FIG. 6 depicts a schematic view of a schema-based IP submit function according to one embodiment. As discussed previously, the IP submit function may be used to submit an IP to the system for evaluation and use. Each of the different aspects of the IP submit function may be configured based on the schema 602 (e.g., IPXML schema) active at run-time of the function. An IP can be submitted to the system at block 606 from either an IP vendor or developer 604 or from external proprietary and public repositories 614. The IP submit template may be generated based on the resident schema 602. Once data is submitted, the IP submit module 212 may at block 608 map the IP submit data (i.e., the completed submit forms and information about all uploaded IP design files, rules, models, testbenches, etc.) into the resident schema 602 to insure that the data is consistent, the data is in the correct format and that the provided data meets any requirements. If there is missing mandatory data (at decision block 609), the user may be presented with the option to resubmit the IP at element 606.

Once IP data and attributes of design files have been mapped to the resident schema, the IP submit module 212 may at block 610 then store the instantiated schema in the company IP repository 616 in a table format for either temporary or long-term storage. Submitted IP design files, rules, models, testbenches, documents, etc. may be stored in the IP file system 618 and their location, name, type, size, date of submission, etc. may be stored in the corresponding tables in the company IP repository 616. The IP submit module 212 may also generate a user view at block 610 based on the resident schema by a standard display of IP SpecSheet or IP DataSheet at block 612 and presented to the user. The user may then confirm that the information they submitted is correct, that there were no errors in translation, that assumed attributes and data were reasonable, etc. In some embodiments, discrepancies in the submitted data from the desired information may be pointed out at element 613 by presenting a list of additional or optional specifications or data that could improve searchability or qualification of this IP. For example, if the resident schema 602 required a VHDL or Verilog source code file and a SystemC file was instead submitted, the user could be notified that their IP could be tentatively accepted but could not be qualified. The user could then resubmit a different version of their source code file if desired.

FIG. 7 depicts a schematic view of a schema-based IP qualification function according to one embodiment. As discussed previously, the IP qualification function may be used to qualify an IP once its internal schema has been generated, populated, and stored. Each of the different aspects of the IP qualification function may be configured based on the schema 702 active at run-time of the function and may be executed by an IP qualify module 216. The qualification of a recently-submitted IP or one available in an IP repository starts at block 708 by a request by either an IP vendor or developer 704 or from external proprietary and public repositories 720. Internal IPs stored in the company IP repository 722 may also be submitted for qualification, such as when one group in an organization desires to qualify an IP already qualified for another group (i.e., a group with a different schema) or if the IP specification or design has been updated. The IP qualification template (including the information necessary for qualification) may be generated based on the resident schema 702. Once data is submitted, the IP qualification module 216 may at block 710 map the IP qualification template into the resident schema 702 to insure that the data is consistent, the data is in the correct format and that the provided data meets any requirements. Any necessary and possible data conversion, design rule generation, design circuit analysis, signal integrity check, parasitic extraction, EM and Hot-e analysis, etc., may be performed as a part of IP qualification. These may be applied to design files, rules, and models available for the IP in the IP file system 724 and repository 722.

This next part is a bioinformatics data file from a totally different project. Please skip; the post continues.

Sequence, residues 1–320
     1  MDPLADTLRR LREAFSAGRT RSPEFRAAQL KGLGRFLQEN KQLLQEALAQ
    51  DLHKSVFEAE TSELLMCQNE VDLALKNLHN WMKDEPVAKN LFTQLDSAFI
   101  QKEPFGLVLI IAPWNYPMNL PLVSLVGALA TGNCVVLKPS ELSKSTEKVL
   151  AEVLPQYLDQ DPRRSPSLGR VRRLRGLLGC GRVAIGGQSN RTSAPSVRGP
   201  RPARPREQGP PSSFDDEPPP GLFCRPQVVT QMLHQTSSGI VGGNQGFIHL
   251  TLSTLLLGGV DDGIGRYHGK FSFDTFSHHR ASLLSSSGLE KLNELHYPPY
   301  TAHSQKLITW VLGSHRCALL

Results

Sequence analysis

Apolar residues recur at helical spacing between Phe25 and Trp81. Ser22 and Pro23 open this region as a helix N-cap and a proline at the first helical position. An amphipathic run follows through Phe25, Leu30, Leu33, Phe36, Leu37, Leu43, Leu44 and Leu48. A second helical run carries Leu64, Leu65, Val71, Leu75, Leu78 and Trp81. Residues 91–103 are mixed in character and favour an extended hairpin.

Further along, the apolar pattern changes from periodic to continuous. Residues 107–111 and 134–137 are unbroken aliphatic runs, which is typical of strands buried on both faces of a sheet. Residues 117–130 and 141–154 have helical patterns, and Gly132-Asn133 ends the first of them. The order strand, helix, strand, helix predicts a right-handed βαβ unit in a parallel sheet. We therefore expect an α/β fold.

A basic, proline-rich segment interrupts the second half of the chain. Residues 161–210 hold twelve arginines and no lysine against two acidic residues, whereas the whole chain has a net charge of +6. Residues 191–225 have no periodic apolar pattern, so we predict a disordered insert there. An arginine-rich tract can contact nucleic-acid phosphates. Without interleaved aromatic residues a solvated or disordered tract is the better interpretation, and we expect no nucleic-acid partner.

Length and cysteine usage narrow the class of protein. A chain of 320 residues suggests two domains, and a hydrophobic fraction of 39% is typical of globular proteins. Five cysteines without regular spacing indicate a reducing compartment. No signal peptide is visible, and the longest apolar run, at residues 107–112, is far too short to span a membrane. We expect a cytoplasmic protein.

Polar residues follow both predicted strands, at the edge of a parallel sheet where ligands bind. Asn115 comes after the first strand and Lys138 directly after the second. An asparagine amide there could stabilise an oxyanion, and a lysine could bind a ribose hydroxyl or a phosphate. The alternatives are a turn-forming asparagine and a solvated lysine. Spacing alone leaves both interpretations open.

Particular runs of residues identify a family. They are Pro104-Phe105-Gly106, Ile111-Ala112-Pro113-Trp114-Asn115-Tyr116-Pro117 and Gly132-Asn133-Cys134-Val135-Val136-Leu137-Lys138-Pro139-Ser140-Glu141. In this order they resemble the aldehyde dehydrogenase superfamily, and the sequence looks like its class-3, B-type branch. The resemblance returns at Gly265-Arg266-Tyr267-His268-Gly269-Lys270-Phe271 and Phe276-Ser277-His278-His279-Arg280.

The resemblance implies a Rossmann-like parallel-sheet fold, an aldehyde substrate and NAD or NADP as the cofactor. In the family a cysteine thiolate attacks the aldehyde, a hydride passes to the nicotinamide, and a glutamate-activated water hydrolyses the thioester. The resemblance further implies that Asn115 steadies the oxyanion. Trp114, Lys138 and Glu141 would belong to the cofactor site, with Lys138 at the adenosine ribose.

Once an IP has been submitted and mapped to the resident schema, the IP qualification module 216 may at block 712 then store the generated and populated (instantiated) schema in the company IP repository 722 in a table format for either temporary or long-term storage. The IP qualification module 216 may also generate a user view at block 712 based on the resident schema and any generated design characteristic. The user may then confirm that the information they submitted is correct, that there were no errors in translation, that assumed attributes and data were reasonable, etc. At block 714, the IP qualification module 216 may map the view to a qualification metric to qualify the IP itself. The mapping of block 714 may be based on the resident XML schema and may be based on one or more internal or external evaluation quality metrics. The IP qualification module 216 may generate a missing data questionnaire and present it to the user at block 716 if any data is missing or incorrect in the IP. If the IP is qualified, the IP qualification module 216 may generate a quality report and store it in the company IP repository 722 with the associated IP and schema and display results to the user at block 726.